Have we totally lost our sense of humour?

By Justine O'Mahony

Published 02/04/2016 | 00:00

Justine O'Mahony.
Justine O'Mahony.

Political correctness drives me insane.

It's one thing being respectful of people, but it's got to the point now where you can't open your mouth now and make a joke without somebody from the PC police accusing you of being inappropriate or downright bigoted.

Poor Martin O'Neill is the latest victim. The Republic of Ireland manager was lambasted last week after he quipped at a press conference that ugly Wags would be banned from Euro 2016 and only the better looking ones would be welcome at the team's hotel in France.

He made the joke after Wales manager Chris Coleman revealed that players' partners would be banned from his squad's base in France during the tournament in an attempt to remove all possible distractions.

O'Neill's exact words were: 'Well it depends on how good looking the girls are. If they are really attractive they are very very welcome. The uglier ones, I'm afraid not.'

How can anyone not realise this was a joke? Have we totally lost our sense of humour somewhere down the line? Can we not just have a little bit of light hearted banter now without fear of offending people? Because, let's face it, someone is always going to be offended.

Sky Sports presenter Jane Dougall was one of those seriously offended by O'Neill's comments and tweeted: 'For those saying Martin O'Neill was making a joke - yes he was - a sexist joke. If it had been racist he would have lost his job.'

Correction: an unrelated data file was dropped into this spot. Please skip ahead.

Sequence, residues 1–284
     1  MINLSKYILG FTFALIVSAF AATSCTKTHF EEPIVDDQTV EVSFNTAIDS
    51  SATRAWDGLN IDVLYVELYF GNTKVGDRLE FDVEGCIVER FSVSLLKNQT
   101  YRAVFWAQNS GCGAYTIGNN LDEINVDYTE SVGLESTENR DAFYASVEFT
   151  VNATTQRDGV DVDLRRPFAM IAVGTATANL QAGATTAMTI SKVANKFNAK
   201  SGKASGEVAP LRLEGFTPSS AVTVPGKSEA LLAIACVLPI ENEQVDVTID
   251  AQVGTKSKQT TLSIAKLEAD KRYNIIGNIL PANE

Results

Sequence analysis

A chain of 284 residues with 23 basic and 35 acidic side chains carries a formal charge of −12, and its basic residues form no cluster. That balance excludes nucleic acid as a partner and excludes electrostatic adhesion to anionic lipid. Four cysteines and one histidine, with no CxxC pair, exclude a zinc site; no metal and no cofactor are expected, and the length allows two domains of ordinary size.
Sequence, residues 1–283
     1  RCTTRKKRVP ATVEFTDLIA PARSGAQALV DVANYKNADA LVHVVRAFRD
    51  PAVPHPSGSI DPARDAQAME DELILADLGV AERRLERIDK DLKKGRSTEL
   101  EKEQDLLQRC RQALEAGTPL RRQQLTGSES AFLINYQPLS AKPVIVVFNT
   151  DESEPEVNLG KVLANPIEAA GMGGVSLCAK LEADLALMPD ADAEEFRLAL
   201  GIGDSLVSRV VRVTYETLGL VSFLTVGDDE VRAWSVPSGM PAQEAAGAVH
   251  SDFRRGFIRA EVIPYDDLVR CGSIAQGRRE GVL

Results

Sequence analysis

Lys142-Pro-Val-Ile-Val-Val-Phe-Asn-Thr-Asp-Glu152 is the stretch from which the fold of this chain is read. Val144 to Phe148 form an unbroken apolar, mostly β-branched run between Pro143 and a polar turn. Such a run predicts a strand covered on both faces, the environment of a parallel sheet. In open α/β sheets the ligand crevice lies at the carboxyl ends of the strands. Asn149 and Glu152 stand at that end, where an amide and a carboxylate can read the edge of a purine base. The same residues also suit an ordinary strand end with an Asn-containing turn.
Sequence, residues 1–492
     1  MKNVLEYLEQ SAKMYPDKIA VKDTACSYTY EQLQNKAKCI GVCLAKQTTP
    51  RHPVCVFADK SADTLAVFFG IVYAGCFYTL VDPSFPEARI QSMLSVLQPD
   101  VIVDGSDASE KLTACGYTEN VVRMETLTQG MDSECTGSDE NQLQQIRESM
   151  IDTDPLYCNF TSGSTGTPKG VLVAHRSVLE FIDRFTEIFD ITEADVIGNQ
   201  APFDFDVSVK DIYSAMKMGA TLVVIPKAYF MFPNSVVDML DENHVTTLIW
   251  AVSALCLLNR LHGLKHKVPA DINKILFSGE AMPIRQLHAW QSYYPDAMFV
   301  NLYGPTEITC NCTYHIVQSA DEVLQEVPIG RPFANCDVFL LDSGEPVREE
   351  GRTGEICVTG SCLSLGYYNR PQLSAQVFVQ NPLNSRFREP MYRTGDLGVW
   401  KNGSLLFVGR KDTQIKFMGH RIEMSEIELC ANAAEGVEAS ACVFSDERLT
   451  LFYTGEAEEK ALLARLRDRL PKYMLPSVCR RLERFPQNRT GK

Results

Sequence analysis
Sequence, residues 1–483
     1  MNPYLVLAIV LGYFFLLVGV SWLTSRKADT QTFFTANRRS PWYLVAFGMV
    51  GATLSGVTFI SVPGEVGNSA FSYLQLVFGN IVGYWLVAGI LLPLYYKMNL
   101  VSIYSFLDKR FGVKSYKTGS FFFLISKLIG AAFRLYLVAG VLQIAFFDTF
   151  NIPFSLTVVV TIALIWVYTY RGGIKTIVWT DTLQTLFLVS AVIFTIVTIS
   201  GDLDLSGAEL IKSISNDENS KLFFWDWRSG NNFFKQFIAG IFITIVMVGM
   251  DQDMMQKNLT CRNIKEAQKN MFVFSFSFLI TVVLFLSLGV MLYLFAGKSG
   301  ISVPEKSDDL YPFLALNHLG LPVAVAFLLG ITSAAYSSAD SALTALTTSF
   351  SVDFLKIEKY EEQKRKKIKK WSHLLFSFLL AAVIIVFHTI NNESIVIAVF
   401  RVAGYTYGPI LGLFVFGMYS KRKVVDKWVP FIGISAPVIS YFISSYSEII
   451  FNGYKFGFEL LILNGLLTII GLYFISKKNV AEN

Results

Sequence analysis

I would love to ask the blonde, glamorous presenter if she seriously thinks she got the job in Sky because of her sports knowledge. But I can't, obviously, because that would be politically incorrect - and sexist and an honest question! I doubt I'd get an honest reply though.

Now the National Women's Council of Ireland has jumped on the bandwagon and said there was no place for sexist comments of this nature in Irish football. Sorry now, but have they not got anything better to be doing?

People need to cop themselves on and lighten up. As a race, we Irish have always been renowned for our sometimes bawdy sense of humour. The way things are heading, it will soon be impossible to make a joke about anything without being accused of being politically incorrect, or sexist, or racist, or all of the above.

If we are that easily offended, does that not say more about our fragile, insecure psyche than it does the person who's just trying to crack a harmless joke?

Did you hear the one about the blonde and brunette who walked into a bar? OK, maybe another time!

Wexford People

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